With the bumper corn crop this year and record high cattle prices, feedlot operators are bulking up cattle to make more money. Great for them – not so much for restaurants.
It’s important to know that restaurants don’t always have unilateral control over how thick steaks can be when cutting to a specific portion weight. This leaves many chefs wondering, Why can’t I get thicker cuts of my favorite rib eyes or strips in the portion sizes I want?
Heavier cattle, also means larger muscles. Rib Eyes, for example, are commonly running over 16 pounds in size when in years past the average was 12 to 13 pounds. At the same time restaurants like to plate nice thick steaks, usually 1.5″ or thicker while keeping to the portion control weight that best controls their food costs.
The increased average size of cattle makes it harder and harder for restaurants to get the portion size they want in conjunction with the thickness they want. The dilemma leaves many to choose between serving thicker steaks that are higher in portion weight, or properly portion weighted steaks that end up very thin and wide making for a less than desirable plate presentation.
Why Size Matters
Let’s say your goal is to serve a 1.5” thick 14 oz portion cut steak. The size of the loin that you start with will largely determine if both your goals can be met.
Imagine you have two whole rib eye loins. One loin is smaller; one loin is larger. As you can see from the picture above, your cut line will be in a different place depending on the size of the loin to achieve a 14 oz portion. Consequently, the larger loin will yield a much thinner 14 oz steak, and the smaller loin will yield a much thicker 14 oz steak.
Price Buyers Beware
The obvious solution would be then to purchase smaller size loins, right? Technically yes, but smaller size loins, or “downs” as we call them in the meat industry, are getting harder to come by and thus, usually carry a higher price.
Price shoppers who buy the lowest cost boxed beef to cut their own steaks will likely be getting random sized loins. Lowest priced commodity boxed beef often comes with higher loin weights from the larger loins of heavier cattle as opposed to lighter loins harvested in years past.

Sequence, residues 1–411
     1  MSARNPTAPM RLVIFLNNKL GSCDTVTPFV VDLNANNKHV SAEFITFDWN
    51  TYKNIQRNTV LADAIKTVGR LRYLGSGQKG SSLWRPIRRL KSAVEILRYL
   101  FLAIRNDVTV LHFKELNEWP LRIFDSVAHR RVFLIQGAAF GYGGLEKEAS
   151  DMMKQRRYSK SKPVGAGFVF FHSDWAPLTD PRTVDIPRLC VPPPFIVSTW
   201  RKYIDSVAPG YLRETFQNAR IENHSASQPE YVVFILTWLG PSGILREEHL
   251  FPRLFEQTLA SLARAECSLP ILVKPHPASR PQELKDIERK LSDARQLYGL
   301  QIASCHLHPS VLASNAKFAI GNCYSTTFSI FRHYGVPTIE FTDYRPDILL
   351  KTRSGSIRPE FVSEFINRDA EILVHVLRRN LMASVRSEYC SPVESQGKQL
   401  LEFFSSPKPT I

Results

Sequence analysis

The problem steakhouses then have in offering smaller (lower ounce) sized steaks like Rib Eyes and NY Strips, is that smaller sizes would look like pancakes on the plate because the muscles are so large. People are accustomed to large, thick and juicy steaks –thin cuts are just less impressive on the plate. Steakhouses would be embarrassed to serve steaks in this fashion.
If you’re cutting your own steaks and want thicker steaks without giving away portion control, request that your meat supplier hand select lighter loins or pick lighter master case weights to fill your boxed beef orders.
While hand selecting is sometimes impossible with large broad line distributors, specialized meat purveyors like Buedel Fine Meats can usually accommodate such requests. This helps you deal with the problem before your meat comes in the door.
You can also achieve a nice balance between price, steak thickness and lighter portion weights by being a bit creative with your trim specification and merchandising on your menu. Try using the Boston Cut.
You can take a large loin size, say 15+ lbs, and cut it in half lengthwise making two 7.5 lb pieces. From each half then you can cut a thick small portion weight steak.
These cuts are trending now for several reasons. Diet conscious people who prefer eating in moderation can still enjoy a smaller portion size with the luxury of a hearty looking delicious steak. Chefs can enjoy consistent sizes and cooking times while having a more attractive way to serve smaller portion sized steaks.
Boston Cuts of Rib Eye and Sirloin Strip are also great alternatives to higher priced tenderloin filets for banquet menus and split plates.
ABF Natural Beef
Another way to battle record high beef prices is to retreat from commodity cattle weights – specifically those getting heavier due to the increased use of added growth hormones, antibiotics and beta-agonists in the feed. Consider purchasing beef that was raised without added growth hormones or antibiotics.
Don’t be fooled by the USDA’s generic definition of “natural” [a product containing no artificial ingredient or added color and is only minimally processed] either. Pretty much all conventional beef fit this description today. Rather, look for brands that publish their handling protocols which specifically state never-ever policies.
The nation’s low cattle supply will portend the current state of all time high beef prices a few more years before things return to normal. Or, perhaps what is happening today may indeed be the new normal. The good news is, you do have options to get the thicker steaks you want.